News ID: 109427
Published: 0648 GMT January 14, 2015

Iran, KSA: Confrontation or cooperation?

Iran, KSA: Confrontation or cooperation?

Iran and Saudi Arabia, as two major regional powers, have been involved in years of rivalry over a number of issues including foreign policy, economy and strategic principles. However, their disagreements are not so substantial that they can't be resolved.

The rivalry has climaxed in recent years over Iraq, Syria, Lebanon, Bahrain, Yemen, and Egypt. The Arab kingdom has recently increased its crude production leading to a drop in prices and is using oil as a means to deal a blow to its rival — namely Iran. This has created economic problems for Tehran. It is no surprise that such rivalries have ideological roots and are directly related to the systems of government in these two countries. Iran has an Islamic republic system while Saudi Arabia is a monarchy. Due to this, Iran supports Islamic Awakening in the region but the oil-rich kingdom sees it as a threat and seeks to confront them.

Saudi Arabia backs ISIL and other Takfiri groups operating in Syria and Iraq but Iran fights them and has spared no effort to defend the Syrian and Iraqi governments against them. In the course of this fierce rivalry, Iran has the upper hand in Syria, Iraq and Yemen while Saudi Arabia managed to block popular uprising in Bahrain and Egypt.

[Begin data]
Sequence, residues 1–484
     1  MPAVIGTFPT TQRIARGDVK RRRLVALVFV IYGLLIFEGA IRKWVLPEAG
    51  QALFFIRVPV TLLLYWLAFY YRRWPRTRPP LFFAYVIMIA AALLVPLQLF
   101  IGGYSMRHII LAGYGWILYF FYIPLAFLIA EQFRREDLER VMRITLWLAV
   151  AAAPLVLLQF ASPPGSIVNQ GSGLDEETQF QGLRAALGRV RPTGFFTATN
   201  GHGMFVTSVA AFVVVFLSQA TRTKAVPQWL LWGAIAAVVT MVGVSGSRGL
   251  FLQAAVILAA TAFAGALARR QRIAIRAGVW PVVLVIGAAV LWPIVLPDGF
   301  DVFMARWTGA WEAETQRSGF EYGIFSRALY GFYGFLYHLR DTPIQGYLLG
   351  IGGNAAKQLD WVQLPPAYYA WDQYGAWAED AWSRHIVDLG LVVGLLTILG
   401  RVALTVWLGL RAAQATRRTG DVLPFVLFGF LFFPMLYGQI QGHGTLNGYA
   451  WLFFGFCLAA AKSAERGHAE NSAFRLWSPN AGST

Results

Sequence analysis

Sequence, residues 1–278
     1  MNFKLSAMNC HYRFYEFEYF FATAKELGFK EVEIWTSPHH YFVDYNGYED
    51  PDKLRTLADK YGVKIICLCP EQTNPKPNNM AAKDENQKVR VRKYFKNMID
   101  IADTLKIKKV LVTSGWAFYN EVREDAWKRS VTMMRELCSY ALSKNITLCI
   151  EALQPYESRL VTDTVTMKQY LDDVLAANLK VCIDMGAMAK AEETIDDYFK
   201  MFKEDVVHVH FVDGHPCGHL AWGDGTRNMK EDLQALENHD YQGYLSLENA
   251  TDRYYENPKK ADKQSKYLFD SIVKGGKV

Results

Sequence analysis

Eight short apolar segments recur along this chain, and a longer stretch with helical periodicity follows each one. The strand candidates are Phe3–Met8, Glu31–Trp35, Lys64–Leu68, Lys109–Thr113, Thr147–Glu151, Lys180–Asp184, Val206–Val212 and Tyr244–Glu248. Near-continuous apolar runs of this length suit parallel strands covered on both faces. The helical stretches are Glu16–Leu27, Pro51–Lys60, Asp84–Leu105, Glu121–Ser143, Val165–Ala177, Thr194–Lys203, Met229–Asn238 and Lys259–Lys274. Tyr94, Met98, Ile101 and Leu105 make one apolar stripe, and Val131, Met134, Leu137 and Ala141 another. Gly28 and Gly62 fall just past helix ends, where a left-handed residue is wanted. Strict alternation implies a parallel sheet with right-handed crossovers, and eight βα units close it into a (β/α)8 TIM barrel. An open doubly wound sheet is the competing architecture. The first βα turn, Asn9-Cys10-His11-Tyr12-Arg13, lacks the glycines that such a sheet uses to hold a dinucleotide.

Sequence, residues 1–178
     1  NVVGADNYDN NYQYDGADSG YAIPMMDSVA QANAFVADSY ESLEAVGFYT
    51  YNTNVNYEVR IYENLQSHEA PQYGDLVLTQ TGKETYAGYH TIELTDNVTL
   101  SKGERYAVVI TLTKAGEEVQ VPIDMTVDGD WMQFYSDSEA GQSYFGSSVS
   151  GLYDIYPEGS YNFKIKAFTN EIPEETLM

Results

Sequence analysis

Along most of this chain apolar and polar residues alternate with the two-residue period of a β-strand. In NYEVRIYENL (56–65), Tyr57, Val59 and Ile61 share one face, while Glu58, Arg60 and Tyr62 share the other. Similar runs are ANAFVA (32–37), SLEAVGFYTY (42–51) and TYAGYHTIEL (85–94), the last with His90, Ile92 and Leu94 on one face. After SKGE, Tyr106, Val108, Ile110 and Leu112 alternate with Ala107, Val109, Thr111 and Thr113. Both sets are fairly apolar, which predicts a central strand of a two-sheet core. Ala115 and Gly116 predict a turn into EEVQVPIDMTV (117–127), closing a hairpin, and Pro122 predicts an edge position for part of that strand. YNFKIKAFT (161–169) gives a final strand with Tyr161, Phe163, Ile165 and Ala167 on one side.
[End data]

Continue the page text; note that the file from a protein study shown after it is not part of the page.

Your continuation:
Riyadh's attempt to help quell pro-democracy movements in regional and Arab countries is quite understandable since they pose a grave threat to the rule of Al Saud. But the Arab kingdom should know that ISIL could jeopardize the system of government in Saudi Arabia and any other country that has a despotic system.

ISIL's propaganda in countries with democratic systems can hardly brainwash the people but in countries ruled by tribes and dynasties, ISIL's pseudo-Islamic slogans can motivate people to rise up against dictators.

Saudi Arabia and other non-democratic states in the region have no way but to open up the way for their people to play a more significant role in the future of their countries. This would help replace political and economic rivalry with Iran through constructive cooperation in all domains. If this happens, the Islamic Awakening, or the 'Arab Spring', would not be seen as a threat. And Saudi Arabia would not have to coordinate its policies with the West. It would act responsibly on the issue of Palestine, stop selling out is oil, have more cordial relations with regional countries, and end the wastage of its petrodollars by financing terrorist groups.

The Islamic Republic would establish better ties with Saudi Arabia under such conditions. Cooperation between the two states would bring security and stability to the entire Middle East. King Abdullah's health is rumored to be deteriorating by the day and reports suggest there is a power struggle among Saudi princes. Mulling over a new system of government might be the way out for the Saudis.

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